“The trip through the downtown this year is noticeably slower,” he continued. “We hear a lot of people venting and voicing their frustration with the whole situation. But we can’t make the concrete get poured any faster.”

“There have been a lot of little complications, one or two big ones, with vehicles actually damaged because the bumps are so bad,” Dixon said, referencing an incident where a bus’ front wheel came off in traffic this month. “But, mainly, it’s just trying to deal with the frustration. And that’s mostly for the people that live here.”

Newcomer Emma Campbell, 17, said that being a crossing guard “really opens your eyes” to one’s own behavior while navigating downtown in a vehicle or on foot.

Campbell, who will be a senior at Ketchikan High School this fall, applied for the job because she wanted to work outdoors, and has been working about one month.

“I was not prepared enough to stand,” Campbell joked, although she has noticed that the rain doesn’t bother her as much as she thought it would.

To Campbell, who does not have experience from past seasons to recall, the construction “has been a little difficult to work around.”

Port and Harbors has nicknames for each location and position. The intersection of Mill and Main streets is referred to as “doubles,” while the Front and Mill street curve near where Dwyer’s Crab and Fish Restaurant is situated is simply known as “fish.”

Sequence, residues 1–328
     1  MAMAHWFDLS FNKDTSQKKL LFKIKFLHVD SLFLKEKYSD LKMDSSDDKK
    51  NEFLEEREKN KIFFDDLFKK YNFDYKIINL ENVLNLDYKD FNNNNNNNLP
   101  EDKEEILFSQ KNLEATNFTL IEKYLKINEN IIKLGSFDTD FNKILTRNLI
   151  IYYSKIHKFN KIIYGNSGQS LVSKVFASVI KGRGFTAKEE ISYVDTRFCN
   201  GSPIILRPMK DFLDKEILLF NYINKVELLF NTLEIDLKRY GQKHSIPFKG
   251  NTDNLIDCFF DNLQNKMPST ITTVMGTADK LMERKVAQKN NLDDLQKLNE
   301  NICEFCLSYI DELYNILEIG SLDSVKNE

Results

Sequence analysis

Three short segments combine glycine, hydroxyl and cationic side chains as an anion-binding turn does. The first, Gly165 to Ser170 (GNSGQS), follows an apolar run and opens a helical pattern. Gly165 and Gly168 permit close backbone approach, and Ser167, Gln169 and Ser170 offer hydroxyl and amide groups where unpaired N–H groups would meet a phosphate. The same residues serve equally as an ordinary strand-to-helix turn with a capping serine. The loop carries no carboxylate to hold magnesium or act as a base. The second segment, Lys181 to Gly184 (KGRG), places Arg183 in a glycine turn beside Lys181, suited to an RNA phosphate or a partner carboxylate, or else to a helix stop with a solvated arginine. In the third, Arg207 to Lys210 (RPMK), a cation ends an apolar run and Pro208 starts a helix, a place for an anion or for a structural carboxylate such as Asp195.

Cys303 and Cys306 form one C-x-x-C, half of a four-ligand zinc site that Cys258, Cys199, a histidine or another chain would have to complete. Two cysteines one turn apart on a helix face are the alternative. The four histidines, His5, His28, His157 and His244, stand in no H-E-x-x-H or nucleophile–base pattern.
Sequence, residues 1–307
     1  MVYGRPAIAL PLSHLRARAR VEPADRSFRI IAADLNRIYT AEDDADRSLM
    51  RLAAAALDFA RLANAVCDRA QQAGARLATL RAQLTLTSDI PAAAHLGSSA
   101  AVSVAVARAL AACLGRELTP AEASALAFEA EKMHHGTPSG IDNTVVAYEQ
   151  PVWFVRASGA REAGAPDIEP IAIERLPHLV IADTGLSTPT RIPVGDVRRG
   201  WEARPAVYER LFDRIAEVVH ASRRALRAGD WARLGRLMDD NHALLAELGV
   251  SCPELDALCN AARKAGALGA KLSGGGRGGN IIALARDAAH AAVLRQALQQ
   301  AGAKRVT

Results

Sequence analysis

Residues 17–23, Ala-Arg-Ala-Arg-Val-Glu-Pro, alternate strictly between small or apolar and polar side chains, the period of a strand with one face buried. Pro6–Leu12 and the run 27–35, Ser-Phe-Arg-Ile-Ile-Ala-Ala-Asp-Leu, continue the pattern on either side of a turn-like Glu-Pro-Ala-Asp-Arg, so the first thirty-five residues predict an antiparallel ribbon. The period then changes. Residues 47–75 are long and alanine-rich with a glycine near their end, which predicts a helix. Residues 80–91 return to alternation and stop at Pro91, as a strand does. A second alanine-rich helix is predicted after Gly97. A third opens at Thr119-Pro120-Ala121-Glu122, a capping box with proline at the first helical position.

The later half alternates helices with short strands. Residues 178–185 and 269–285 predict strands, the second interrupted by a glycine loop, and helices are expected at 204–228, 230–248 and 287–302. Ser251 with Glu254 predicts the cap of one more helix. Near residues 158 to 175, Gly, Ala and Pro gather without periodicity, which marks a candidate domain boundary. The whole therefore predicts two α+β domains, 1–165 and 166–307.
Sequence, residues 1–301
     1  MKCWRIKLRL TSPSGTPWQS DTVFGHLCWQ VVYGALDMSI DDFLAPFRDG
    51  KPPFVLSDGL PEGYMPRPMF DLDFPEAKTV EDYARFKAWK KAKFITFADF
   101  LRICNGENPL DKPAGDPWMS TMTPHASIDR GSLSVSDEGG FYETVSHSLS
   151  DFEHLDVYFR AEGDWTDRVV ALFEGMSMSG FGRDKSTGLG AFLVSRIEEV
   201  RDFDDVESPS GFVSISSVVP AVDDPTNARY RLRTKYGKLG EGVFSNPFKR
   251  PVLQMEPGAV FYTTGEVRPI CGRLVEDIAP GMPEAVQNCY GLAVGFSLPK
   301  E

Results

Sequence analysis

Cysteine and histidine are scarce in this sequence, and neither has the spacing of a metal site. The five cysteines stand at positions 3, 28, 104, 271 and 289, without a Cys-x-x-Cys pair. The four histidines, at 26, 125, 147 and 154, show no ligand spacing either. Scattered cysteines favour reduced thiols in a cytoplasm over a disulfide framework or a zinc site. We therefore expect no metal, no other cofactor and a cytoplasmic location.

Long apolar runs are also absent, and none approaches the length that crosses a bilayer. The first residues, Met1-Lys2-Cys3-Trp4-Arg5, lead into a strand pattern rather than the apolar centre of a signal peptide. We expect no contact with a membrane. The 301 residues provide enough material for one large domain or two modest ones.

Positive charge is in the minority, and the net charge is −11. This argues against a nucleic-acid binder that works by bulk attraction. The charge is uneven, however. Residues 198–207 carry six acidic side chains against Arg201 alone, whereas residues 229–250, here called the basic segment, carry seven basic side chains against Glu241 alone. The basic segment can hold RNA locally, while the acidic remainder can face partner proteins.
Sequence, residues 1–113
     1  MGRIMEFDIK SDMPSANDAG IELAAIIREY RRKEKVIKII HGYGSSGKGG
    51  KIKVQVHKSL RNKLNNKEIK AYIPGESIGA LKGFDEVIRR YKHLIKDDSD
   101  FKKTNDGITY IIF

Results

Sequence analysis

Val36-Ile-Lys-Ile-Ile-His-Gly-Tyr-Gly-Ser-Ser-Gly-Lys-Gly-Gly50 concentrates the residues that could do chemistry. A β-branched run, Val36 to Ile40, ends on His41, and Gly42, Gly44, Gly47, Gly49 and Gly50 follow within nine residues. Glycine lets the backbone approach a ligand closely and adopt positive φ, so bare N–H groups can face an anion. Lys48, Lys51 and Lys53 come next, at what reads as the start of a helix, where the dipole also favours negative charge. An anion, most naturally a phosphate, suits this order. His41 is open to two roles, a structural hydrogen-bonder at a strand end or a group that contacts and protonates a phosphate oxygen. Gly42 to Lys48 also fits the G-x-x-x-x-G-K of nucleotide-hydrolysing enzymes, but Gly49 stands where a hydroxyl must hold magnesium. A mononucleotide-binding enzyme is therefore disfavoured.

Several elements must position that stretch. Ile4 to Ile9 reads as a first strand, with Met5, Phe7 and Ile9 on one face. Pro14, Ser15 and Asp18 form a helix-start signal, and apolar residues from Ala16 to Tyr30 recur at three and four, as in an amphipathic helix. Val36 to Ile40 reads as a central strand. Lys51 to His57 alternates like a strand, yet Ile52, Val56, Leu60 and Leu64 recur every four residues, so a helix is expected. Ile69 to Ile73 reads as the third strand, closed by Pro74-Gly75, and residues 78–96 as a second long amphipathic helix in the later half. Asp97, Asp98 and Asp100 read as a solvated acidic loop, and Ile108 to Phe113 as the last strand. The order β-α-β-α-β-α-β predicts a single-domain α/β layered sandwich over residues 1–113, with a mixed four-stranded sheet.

Campbell said that the busiest locations are “doubles” and on the docks, across from Diamonds International. She often has to tell people not to jump the ropes lining the sidewalks to get across the street, and to look up from their mobile devices when crossing into construction zones.

″(Visitors to Ketchikan) are not as conscious when they are here,” Campbell said.

She noticed that tourists often will follow blindly with a crowd. She hypothesized that many might come from urban areas where automatic traffic lights and signals are common, which is why some move as part of a large crowd instead of waiting for the direction of a crossing guard. Their phones are also a big distraction, Campbell said.

For locals who know that the crossing guards are situated around town, impatient drivers are a constant issue. Campbell said that only a “select few” local drivers cause issues with their impatient driving, but “being vigilant and mindful” while driving always helps.

Cole Greenup, 21, has returned to working with Port and Harbors for his second season. He is now a “street lead,” or a person who is responsible for making sure crossing guards have everything they need to do their jobs. He describes his job as that of a “right-hand man.”

Greenup said that often, being a crossing guard and “street lead” is not unlike being a Walmart greeter - visitors are constantly asking questions about the town and its history. He estimates that the “easiest” location to watch over is at Berth 1, with the busiest being Mission Street.